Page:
BANGKOK: Bangkok and nine provinces will go into lockdown from Monday (Jul 12) as COVID-19 cases continue to surge in Thailand, the Centre for COVID-19 Situation Administration (CCSA) announced on Friday.
Residents in Bangkok and its nearby provinces of Nakhon Pathom, Nonthaburi, Pathum Thani, Samut Prakan and Samut Sakhon, as well as those in Narathiwas, Pattani, Songkhla and Yala in the far south have been advised to stay at home from Monday and only go outside when it is necessary.
According to CCSA assistant spokesperson Apisamai Srirangsan, a curfew will be imposed between 9pm and 4am in these ten provinces as the government tightened restrictions in high-risk areas. However, residents will still be able to leave their homes in case of emergency, work or medical visits.
Educational institutes in these provinces are required to conduct online classes only, Ms Apisamai said, adding that checkpoints and patrols will be set up by security units to ensure public movement is minimal.
For Bangkok and its nearby provinces, convenience stores and markets will need to close from 8pm to 4am. The government also ordered temporary closure of department stores and community malls in these six provinces, except the supermarket and pharmaceutical sections, restaurants and cafes, banks, as well as areas designated for the national vaccination programme, which will be able to operate until 8pm.
“Eateries can stay open until 8pm but it needs to be stressed that these venues won’t be allowed to offer dining-in services or alcohol. Only takeaway services will be permitted,” said Ms Apisamai.
“Venues reportedly prone to infection will need to close. These include massage and spa businesses and beauty centres,” she added.
From Monday, both public and private sectors in Bangkok and nearby provinces are required to implement maximum work-from-home rules while public transport will see restricted services. Social gatherings will also be limited to five people in these areas.
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NEW VACCINATION PLAN FOR AT-RISK GROUPS
Thailand is facing the worst wave of COVID-19 infections, which has put an enormous strain on its healthcare system and medical personnel. The daily case numbers have been in the thousands for several weeks amid reports of the highly contagious Delta variant of the coronavirus.
The country has recorded 288,643 cases and 2,440 casualties since a third wave of infections began in April, when a cluster was found at high-end nightclubs in Bangkok.
On Friday, CCSA reported 9,276 new cases and 72 new deaths. Bangkok and nearby provinces alone accounted for 4,754 cases or 51 per cent of the new infections, excluding those in prisons.
The national tally is now at 317,506, with 2,534 deaths.
According to Ms Apisamai, the Public Health Ministry will adjust its vaccine distribution plan to better cover at-risk groups in Bangkok and surrounding areas, such as individuals above 60 years old and those with chronic diseases.
“One million doses are expected to be administered within two weeks,” she said.
More locations will also be set up to carry out COVID-19 tests and speed up disease detection in communities, she added.
On Friday, CCSA reported 74,895 patients are receiving medical treatments for COVID-19 in medical facilities nationwide and 2,685 of them are in critical condition.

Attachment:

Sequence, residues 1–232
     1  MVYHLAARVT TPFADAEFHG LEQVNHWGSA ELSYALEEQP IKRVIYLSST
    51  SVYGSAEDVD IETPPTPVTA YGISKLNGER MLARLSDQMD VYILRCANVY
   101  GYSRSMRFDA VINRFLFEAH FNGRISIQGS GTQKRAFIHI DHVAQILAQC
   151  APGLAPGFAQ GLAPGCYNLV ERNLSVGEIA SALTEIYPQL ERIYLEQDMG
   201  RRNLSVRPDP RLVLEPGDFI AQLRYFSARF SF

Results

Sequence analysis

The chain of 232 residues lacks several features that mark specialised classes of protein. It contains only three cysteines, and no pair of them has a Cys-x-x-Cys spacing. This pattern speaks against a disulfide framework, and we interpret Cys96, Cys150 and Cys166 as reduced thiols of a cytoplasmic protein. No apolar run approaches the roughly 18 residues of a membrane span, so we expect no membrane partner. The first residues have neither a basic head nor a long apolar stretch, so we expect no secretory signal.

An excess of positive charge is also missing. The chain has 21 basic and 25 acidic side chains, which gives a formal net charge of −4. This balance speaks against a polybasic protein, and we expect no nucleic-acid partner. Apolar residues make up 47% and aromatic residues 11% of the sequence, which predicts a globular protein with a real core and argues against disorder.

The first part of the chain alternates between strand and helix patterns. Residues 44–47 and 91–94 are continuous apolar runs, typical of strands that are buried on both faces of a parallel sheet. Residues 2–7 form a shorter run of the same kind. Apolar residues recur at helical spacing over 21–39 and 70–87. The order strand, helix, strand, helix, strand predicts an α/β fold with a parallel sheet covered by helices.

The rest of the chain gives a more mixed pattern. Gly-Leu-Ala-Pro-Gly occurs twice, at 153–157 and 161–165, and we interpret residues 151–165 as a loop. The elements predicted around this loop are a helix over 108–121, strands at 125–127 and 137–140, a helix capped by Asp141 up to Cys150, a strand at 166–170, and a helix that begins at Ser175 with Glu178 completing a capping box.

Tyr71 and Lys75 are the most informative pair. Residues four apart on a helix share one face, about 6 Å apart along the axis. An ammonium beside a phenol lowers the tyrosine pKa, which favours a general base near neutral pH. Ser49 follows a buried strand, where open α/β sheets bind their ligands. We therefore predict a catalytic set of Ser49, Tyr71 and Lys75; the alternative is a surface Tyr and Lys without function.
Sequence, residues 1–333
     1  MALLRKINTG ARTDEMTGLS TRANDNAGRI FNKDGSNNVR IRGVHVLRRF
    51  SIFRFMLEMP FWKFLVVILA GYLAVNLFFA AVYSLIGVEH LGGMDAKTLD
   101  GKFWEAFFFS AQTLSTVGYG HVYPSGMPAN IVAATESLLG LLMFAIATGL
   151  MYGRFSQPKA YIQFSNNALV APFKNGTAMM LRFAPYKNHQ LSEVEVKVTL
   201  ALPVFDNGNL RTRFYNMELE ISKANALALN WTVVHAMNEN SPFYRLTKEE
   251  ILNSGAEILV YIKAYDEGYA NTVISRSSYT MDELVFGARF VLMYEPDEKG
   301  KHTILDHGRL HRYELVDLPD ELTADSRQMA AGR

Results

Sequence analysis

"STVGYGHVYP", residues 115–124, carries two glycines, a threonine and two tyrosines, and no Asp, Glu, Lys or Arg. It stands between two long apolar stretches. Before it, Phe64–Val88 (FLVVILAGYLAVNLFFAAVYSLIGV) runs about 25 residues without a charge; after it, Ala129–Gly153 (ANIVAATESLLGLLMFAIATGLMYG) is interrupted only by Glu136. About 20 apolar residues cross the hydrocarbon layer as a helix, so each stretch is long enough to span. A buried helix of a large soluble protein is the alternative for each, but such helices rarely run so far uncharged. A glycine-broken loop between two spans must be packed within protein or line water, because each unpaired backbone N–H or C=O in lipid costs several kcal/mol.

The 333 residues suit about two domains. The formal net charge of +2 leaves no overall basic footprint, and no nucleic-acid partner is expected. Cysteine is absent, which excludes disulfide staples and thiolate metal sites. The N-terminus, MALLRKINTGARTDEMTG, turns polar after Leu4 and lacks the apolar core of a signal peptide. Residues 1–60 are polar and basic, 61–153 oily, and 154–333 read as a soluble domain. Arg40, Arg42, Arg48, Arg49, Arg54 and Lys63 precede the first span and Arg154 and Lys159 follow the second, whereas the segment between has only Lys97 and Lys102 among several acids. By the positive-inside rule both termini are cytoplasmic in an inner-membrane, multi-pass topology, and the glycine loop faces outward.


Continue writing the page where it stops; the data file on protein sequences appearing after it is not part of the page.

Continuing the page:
DELTA VARIANT ON THE RISE IN THAILAND
Thailand is monitoring three coronavirus variants of concern, including Alpha, Beta and Delta. They were first documented in the United Kingdom, South Africa and India respectively.
Based on data from the Public Health Ministry, the Delta variant is fast spreading in the country, especially in Bangkok, where it made up 52 per cent of new infections between Jun 28 and Jul 2.
Although most domestic cases in the latest wave carry the Alpha variant, Thai health officials at the Medical Sciences Department found its transmission is in decline while that of the Delta strand increases every week.
In a press briefing on Thursday, public health permanent secretary Kiattiphum Wongrajit said the infections are increasingly spreading from Bangkok and its vicinity to other parts of Thailand. Growing demand for COVID-19 tests as well as medical treatments in hospitals have also resulted in exhaustion among healthcare professionals, he added.
“The Public Health Ministry is trying to come up with measures that would best control the disease,” Kiattiphum told reporters.
Besides the partial lockdown, the ministry also proposed rapid antigen testing and home isolation.
According to Mr Kiattiphum, COVID-19 tests in Thailand are usually carried out with the RT-PCR method, which requires longer evaluation time. Moreover, he added, potentially infected patients could spread the disease to others while waiting for the test result.
“We’ve reached an agreement that we’ll use rapid antigen tests to support the disease examination. Initially, we’ve approved its use at registered medical facilities,” said Mr Kiattiphum, adding they would also be available for home use too.
As the new wave of COVID-19 spreads across Thailand, a shortage of hospital beds has posed a great challenge for its public health system.
Many infected patients have not been able to access medical treatments at hospitals and some of them lost their lives while waiting for hospital beds.
The COVID-19 pandemic situation in Thailand has raised questions about the government’s plan to reopen the country to international travellers in October.
The target was set by Prime Minister Prayut Chan-o-cha, who said at least 50 million people in Thailand should already have received their first dose of a vaccine by early October.
So far, about 8.8 million people have received their first dose of the COVID-19 vaccine and 3.18 million have been fully vaccinated, according to the Disease Control Department.